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Tuesday, May 15, 2018

New service from URI

By ecoRI News staff

Testing Well Water for PFASsThose seeking information about how industrial chemicals are threatening public health have access to a new resource that provides the latest information about health risks, research and related news.

The recently launched website provides detailed information about a group of industrial compounds called perfluoroalkyl substances and polyfluoroalkyl substances, together called PFASs

Manufactured since the 1950s, the compounds are used in numerous consumer products, as well as in firefighting foams, and their serious health effects are only now beginning to emerge.

The website was developed by the University of Rhode Island as part of a federal Superfund research center established last year with funding from the National Institute of Environmental Health Sciences. 

The research center — the Sources, Transport, Exposure and Effects of PFASs (STEEP) program — is a collaboration between URI, Harvard University’s T.H. Chan School of Public Health, the Rhode Island Department of Environmental Health, and the Silent Spring Institute.

“The STEEP website targets the general public with updates on our science projects, noteworthy news related to PFASs, community education events, and other details about what we’re doing,” said Rainer Lohmann, URI professor of chemical oceanography and the leader of the project. 

“For those concerned about their own exposure to these compounds, it also includes examples of what one can do to reduce that exposure. The website will also showcase the people behind the center, what drives them in their daily tasks, and what they hope to achieve.”

The website describes the compounds, the common products that contain them, the potential health risks from exposure, and steps to reduce those risks.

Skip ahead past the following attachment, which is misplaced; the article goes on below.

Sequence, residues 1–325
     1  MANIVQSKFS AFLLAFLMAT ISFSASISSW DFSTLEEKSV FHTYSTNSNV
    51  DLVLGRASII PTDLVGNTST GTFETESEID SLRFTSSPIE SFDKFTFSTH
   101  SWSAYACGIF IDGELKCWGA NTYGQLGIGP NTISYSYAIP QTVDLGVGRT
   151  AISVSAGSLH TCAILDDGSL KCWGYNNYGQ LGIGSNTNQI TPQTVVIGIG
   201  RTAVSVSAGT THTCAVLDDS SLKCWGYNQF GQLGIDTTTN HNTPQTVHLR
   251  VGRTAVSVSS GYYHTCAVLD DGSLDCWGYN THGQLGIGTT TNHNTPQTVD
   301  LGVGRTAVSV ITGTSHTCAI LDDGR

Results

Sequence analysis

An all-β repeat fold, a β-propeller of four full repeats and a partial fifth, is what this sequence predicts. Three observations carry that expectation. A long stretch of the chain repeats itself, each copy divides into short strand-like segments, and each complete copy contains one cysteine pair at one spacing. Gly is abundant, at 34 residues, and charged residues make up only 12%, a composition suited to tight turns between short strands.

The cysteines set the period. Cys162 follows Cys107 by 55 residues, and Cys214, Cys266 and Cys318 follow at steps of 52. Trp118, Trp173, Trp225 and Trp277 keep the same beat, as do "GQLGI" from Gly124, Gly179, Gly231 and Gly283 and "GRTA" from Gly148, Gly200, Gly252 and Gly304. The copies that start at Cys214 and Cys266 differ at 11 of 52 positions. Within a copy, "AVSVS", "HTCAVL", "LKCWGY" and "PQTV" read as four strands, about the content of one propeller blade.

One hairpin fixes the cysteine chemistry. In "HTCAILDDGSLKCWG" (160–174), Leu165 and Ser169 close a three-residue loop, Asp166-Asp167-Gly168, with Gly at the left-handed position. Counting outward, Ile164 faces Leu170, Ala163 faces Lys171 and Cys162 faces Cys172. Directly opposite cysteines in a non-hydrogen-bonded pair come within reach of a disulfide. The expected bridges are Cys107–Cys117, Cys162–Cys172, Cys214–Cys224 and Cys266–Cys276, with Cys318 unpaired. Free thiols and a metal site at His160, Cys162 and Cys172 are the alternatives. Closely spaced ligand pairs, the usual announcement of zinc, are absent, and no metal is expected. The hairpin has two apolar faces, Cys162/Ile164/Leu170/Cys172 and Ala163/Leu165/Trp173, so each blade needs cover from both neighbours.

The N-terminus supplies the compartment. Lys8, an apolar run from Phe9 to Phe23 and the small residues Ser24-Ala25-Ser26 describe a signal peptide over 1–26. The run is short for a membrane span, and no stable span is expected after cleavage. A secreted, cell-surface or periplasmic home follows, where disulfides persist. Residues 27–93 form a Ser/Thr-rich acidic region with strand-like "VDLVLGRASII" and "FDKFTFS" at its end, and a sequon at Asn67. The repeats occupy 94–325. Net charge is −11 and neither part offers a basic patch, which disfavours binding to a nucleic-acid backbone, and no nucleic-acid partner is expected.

It also outlines the research being undertaken by the STEEP team to better understand the compounds and their effects, from the development of detection tools and environmental fingerprinting to childhood risks and metabolic effects.

One of the study sites the researchers are focusing on is Barnstable County, Mass., where some residents are not only exposed to the compounds through consumer products but also through their drinking water, which became contaminated with PFASs as a result of firefighting foams used at Joint Base Cape Cod and the county fire training academy.

Details are also provided for residents of a second study site in the Faroe Islands of northern Europe, where residents face similar issues from consumer products but also some very different challenges based on their cultural practices.

A news section of the site provides timely information about related topics, such as the recent class-action lawsuit filed on behalf of those affected by the contaminated wells in Barnstable County, as well as a public education event scheduled for June 7 in Hyannis, sponsored by STEEP and its partners.

“There’s a great deal of useful information to be gleaned from the website, including for those who don’t live in our study sites,” Lohmann said. “Unfortunately, PFASs are truly ubiquitous these days. They can be found in polar bears, in all major oceans, and in the household and blood of humans around the globe."